Hawaii & Alaska
Pohue Bay has one of the few white sand beaches found on the southern part of the Island of Hawaii. In July, Pohue was purchased by the Trust for Public Land and transferred to the National Park Service. It's now part of the Hawaii Volcanoes National Park. NPS Photo/J.Ferracane

HI - Hawaii Volcanoes National Park growth draws mixed feelings

To find the most beautiful beach on the south side of Hawaii Island, look somewhere between a rock and a hard place. That’s the perspective of many longtime residents in the rural district of Kau (pronounced kah-OOH), where 16,451 rugged acres officially became part of Hawaii Volcanoes National Park on July 12.

Although Pohue Bay’s sandy beach, historic sites, petroglyphs, sea turtle nesting grounds and other natural and cultural resources are now protected from the threat of development, those who have traditionally used the remote area — for fishing, gathering, hunting, visiting ancestral grave sites and recreation — nevertheless worry that conservation could mean losing access, sharing it with hordes of visitors, or both.

“Any time there’s any kind of large land purchase in Kau, it always raises concerns within the community,” Nohealani Kaawa, a Native Hawaiian cultural practitioner and lifelong resident of the district, told SFGATE. “A lot has been taken away from the Indigenous people in general. We have access to these places, and when a new owner comes in and purchases land, there’s this big concern that access is being taken from us.”

But unrestricted access has also brought many issues to some of Hawaii’s most cherished sites.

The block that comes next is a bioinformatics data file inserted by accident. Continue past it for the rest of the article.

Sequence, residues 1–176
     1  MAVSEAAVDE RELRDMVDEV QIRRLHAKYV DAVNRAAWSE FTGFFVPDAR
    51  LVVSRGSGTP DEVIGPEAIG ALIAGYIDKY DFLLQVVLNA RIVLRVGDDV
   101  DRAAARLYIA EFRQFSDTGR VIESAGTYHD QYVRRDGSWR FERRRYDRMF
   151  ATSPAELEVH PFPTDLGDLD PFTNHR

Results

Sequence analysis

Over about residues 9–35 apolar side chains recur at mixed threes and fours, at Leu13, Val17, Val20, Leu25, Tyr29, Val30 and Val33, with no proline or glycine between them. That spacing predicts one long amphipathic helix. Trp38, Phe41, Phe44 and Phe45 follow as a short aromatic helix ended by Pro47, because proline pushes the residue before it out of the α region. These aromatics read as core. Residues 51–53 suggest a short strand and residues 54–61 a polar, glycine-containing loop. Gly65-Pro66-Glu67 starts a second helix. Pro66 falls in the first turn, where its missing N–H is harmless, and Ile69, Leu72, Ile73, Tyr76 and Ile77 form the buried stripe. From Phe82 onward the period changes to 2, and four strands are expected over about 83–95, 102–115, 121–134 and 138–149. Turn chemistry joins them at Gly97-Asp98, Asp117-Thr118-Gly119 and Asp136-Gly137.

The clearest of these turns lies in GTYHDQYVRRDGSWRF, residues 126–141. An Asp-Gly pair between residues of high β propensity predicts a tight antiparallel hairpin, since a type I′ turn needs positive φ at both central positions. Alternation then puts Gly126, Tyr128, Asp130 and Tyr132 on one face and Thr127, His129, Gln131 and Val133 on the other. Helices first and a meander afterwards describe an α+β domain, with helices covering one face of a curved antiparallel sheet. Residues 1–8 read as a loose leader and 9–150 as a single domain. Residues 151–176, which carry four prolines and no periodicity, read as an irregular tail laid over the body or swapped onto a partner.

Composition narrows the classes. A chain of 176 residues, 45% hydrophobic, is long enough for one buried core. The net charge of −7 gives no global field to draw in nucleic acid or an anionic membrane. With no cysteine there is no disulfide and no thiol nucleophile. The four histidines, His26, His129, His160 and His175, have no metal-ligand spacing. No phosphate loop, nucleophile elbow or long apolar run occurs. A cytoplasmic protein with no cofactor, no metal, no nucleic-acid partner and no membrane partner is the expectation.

In the case of Pohue Bay, home to the only white sand beach in Kau and sites that show human habitation as early as the 13th century, the threat of development has loomed since the 1980s. Sixteen years ago, a developer bought the land around Pohue Bay, planning for resorts, golf courses and thousands of residences. But after a decade of trying, the company gave up. .

“There’s so many archaeological sites, and the community won’t support a project that is willing to bulldoze those sites for profit,” Kaawa said.

Hawaii Volcanoes National Park has been interested in purchasing Pohue Bay since 2016, when it became part of the park’s general management plan, according to park spokesperson Jessica Ferracane. She said that it came about “after hearing from the community that they wanted this place protected.” The nonprofit Trust for Public Land transferred the land to the park this month after buying it for $9.4 million.“The Kau community itself identified in its own development plan that this was a priority for conservation,” Lea Hong, the Trust for Public Land’s director of Hawaii programs and associate vice president, told SFGATE. Along with the land, the trust also gave $800,000 to the nonprofit Friends of Hawaii Volcanoes National Park to help manage Pohue Bay until the park can formally budget for those expenses.

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